Sichuan/Szechuan/!!! (part 2)

Here is a paragraph I wrote while very annoyed that I couldn’t finish cooking:

I am sitting here unable to finish (or start, actually) making my Sichuan dry-fried green beans because my shrimps have not finished rehydrating. I did not know they needed to rehydrate until I had finished chopping everything else, and now they are sitting in a pool of water glumly. It might take twenty minutes. I am hungry. This is not something that happens every day. (The shrimp, not my being hungry. That happens multiple times a day.)

Now here is the rest of the post.

This all took place in that yada-yada’d area of the first Sichuan post.

I began by preparing my string beans—stacking them on one end, slicing off the ends, and doing the same to the other end, then cutting them in half. I hadn’t been terribly excited about this recipe, but I wanted a vegetable side dish that went with the dan dan noodles. Then, once I opened the bag of green beans, I suddenly remembered how much I love them raw. I ate a few; I love the crunch, the watery sweetness? That they taste green and of dirt. I have half a pound left and I hope they don’t go bad.

Then I sliced my mini-shiitakes, first pulling the stems out (not sure if that’s necessary, but they always seem slightly gross). I should have washed them or wiped them with a wet paper towel, but I didn’t do either. There’s a lot of controversy. Then I read the recipe again and realized I had to rehydrate my shrimp. So I sat around for a while.

Then—still during the rehydrating—I heated the oil in my larger pasta pot and, once a string bean I added began to sizzle, added about half the string beans. They sizzled away for about four minutes, after which time I thought they were shriveled enough to be considered done.

It’s hard to photograph green beans sizzling in oil.

I drained them in my colander on the suggestion of Use Real Butter. By then I figured the shrimp bits were hydrated enough, so I chopped them into smaller bits (they were still rather tough, but I have no idea what they’re supposed to end up like, texturally) and diced more preserved mustard greens.

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This tastes less like Golden Garden than I wish it did.

Golden Garden is your average Chinese-American takeout place in my town on Long Island. I am in constant need of an exact replica of their spicy broccoli in garlic sauce, and this recipe is another attempt to imitate it. I more or less lived on that stuff when I was vegetarian, and have very distinct memories of reading the fifth Harry Potter while eating it. Actually I’m not sure why I was ever able to eat it again after that experience. Those emotional wounds have not yet healed.

Anyway, tonight I made spicy broccoli. Recipe courtesy of Macheesmo (excellent blog name), who adapted it from Cook’s Illustrated, which is always a good sign. The produce-scale in my grocery store has been broken for weeks, so I couldn’t weigh my broccoli, and ended up not buying enough. I did try to weigh it by comparing it to a conveniently labeled hunk of kabocha squash, but then I didn’t feel like adding more broccoli to my broccoli bag even though I clearly didn’t have enough. So I approximately two-thirded the recipe in the end.

This is the size of my broccoli-crown pieces. I like very small, soft broccoli bits.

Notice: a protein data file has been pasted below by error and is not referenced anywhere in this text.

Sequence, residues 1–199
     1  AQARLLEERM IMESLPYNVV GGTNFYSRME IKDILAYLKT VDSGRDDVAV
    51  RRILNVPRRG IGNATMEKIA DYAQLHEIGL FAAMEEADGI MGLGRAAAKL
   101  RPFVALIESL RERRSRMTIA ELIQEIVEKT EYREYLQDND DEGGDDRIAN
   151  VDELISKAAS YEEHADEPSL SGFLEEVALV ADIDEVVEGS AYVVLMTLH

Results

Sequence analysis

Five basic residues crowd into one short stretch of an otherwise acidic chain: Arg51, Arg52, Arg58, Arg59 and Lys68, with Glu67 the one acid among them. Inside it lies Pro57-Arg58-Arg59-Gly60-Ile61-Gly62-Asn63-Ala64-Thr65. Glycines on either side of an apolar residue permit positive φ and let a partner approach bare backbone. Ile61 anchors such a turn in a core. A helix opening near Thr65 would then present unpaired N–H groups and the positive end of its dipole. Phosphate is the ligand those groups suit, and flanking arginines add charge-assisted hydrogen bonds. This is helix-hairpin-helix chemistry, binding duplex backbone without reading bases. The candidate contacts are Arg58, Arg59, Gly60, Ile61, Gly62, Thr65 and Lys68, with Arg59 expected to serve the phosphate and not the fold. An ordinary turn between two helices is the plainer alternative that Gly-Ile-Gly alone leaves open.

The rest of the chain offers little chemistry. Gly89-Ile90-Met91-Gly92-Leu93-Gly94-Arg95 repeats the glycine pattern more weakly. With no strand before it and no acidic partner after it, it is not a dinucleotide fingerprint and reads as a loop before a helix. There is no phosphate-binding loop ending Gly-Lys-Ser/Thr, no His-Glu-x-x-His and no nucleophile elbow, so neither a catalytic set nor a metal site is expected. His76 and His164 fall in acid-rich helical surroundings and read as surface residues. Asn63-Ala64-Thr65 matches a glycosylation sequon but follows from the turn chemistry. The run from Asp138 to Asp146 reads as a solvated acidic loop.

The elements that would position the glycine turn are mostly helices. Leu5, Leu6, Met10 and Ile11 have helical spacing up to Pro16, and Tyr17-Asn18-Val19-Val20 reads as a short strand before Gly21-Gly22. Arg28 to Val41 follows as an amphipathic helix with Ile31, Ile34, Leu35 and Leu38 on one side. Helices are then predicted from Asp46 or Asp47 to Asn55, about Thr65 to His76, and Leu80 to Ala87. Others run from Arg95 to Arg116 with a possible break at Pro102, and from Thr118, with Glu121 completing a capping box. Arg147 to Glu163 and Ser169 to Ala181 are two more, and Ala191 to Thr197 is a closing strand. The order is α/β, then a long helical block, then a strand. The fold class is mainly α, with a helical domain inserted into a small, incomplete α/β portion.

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Frazzly, sour, bitter, hot

I have, in my long life, come across recipes for kimchi fried rice many times. It never seemed remotely appealing. I don’t like kimchi: it’s too cold, sour, spicy, lip-puckering, shriveling. It always comes before something better, something I want much more.

But when I came across it on Pink Basil, it suddenly looked perfect—red, hot. Full of onion and chewiness and oil; I thought it would be cooling. And I anticipated a week or two of Pantry Staples because of various traveling.

So I bought kimchi (which totally destroyed my $5 rule—that I can’t buy any single thing that costs more than $5, ingredients-wise; this rule is frequently destroyed, most recently by CHERRIES), and it sat in my fridge for a while. Kimchi, if you are not aware, is basically fermented cabbage. It is also very good for you, in a yogurt sort of way, if you catch my meaning. The brand I bought—no idea what the name is; it just says “New York Kimchi” and then some things in Korean—contains cabbage, apple, salt, ginger, garlic, green onion, anchovy broth (SURPRISE! not vegetarian!), pepper, chile powder, and some sort of bacteria that’s put there on purpose.

Today I finally made the fried rice.

I have purchased a new friend. His name is Mofo, Do Not Rob Me Or You Will Regret It. I will keep him under my pillow. This reminds me of an Eddie Izzard bit, but I cannot find it on YouTube.

“Glang Gling Gling Gling … Gling Gling.” That was a barrel organ version of “Jerusalem,” which was a British, a British Empire type song. It’s a hymn, you know, one that we’d sing in church as a kid, I used to [sings] “And did those feet Boom Boom Boom Boom in …” you know. And it’s got really weird lines in it, and it was “And shall my sword sleep in my hand.” Not a good idea. You’re gonna roll over and cut your bits off, aren’t you. And then it’s that Godfather scene of [holding things to his face] “Uhh, Uhh, Uhh, Uhh, a head of a horse, and my willy.” “Should my sword sleep near my bed, but not too close so it cuts my bits off.” That’s how the line should go.

(Thank you, wonderful people who have transcribed all of Eddie Izzard.)

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